|Quoting ual777 (Reply 205):|
Gonna chime in here...
First 1500 hours is not some magically impossible flight time number. It's 1.5 to 2 years of flight instructing. If you go to a 4 year university it's less. We have all done it and it's a fabulous way to gain experience.
The real issue here is that the regional model has chocked the golden goose. Regionals in the US have paid too little for too long and that has scared away a LOT of potential pilots.
In the 90s, you wouldn't even get looked at for a regional with out at least 2,500 hours. This 250 hour thing is very much a product of the last decade when people did stop showing up. The airlines response was to lower the standard of hiring in order to plug the holes in their staffing. Back then regional pilots got paid roughly the same $20,000 a year starting out that they do now. However they were flying much smaller aircraft (less revenue generating potential) and each dollar earned went much further. Wages have since been frozen as the cost of everything went up and the aircraft became much larger (more revenue generating potential) and added first class (more revenue generating potential). Seasoned pilots stop showing up to regionals and elected to go work for corporate or other better paying opportunities or left the industry all together. Some of them might come back, if the pay is raised.
There is no shortage of pilots, only a shortage of pilots willing to work for slave wages. It's shocking how little it would cost to double a first officer's starting salary. On a 76 seat regional jet (the future of regionals), each passenger is paying about 30 cents an hour in wages for the first officer. In order to double that we are talking about adding another 30 cents per hour. On a 3 hour flight, that is less than $1 per ticket. No one will notice that. On a 50 seat jet, we are talking less than 50 cents per hour increase per passenger. Even if flights aren't full, the cost is still negligible.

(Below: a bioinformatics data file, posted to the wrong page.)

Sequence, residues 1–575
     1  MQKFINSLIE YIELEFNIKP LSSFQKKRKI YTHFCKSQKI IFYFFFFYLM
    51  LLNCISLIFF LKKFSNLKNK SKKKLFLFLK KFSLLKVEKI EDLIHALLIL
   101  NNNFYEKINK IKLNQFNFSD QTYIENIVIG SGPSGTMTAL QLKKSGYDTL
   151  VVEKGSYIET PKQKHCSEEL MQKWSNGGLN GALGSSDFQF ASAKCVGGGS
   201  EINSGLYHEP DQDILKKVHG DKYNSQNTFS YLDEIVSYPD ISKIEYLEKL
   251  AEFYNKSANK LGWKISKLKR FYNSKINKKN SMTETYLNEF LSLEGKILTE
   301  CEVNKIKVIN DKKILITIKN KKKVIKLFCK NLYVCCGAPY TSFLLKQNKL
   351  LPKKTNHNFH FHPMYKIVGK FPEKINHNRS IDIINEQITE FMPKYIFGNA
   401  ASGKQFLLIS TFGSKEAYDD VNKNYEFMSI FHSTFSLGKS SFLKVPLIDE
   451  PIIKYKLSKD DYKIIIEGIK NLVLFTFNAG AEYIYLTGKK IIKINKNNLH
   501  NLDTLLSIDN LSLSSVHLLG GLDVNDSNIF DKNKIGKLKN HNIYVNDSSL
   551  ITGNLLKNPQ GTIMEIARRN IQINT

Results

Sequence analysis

Instead these CEOs are so focused on driving costs down that they are going to kill the golden goose. Their regional networks will collapse and the billions of dollars they've spent on all of these regional jets will be wasted as they are only good as paperweights. It is such a stupidly obvious solution to the problem, yet they are dragging their feet. They are clinging to the hope that the seemingly endless supply of pilots still exists. It doesn't, they destroyed it when they kept asking for more and more concessions.
The problem is so much worse than the general public can possibly imagine. Flights are being cancelled now because of a lack of pilots. That isn't how it is publicized because it is easier to blame it on bad weather. Yes weather does play a factor, it exposes the poor staffing when it hits. The system takes way longer to recover and more flights are cancelled than necessary because the staffing doesn't exist to cover flights. Of course since the airline doesn't have to buy you a hotel room if the cancellation is "weather related," it is much easier to blame it on a half truth then tell the full truth.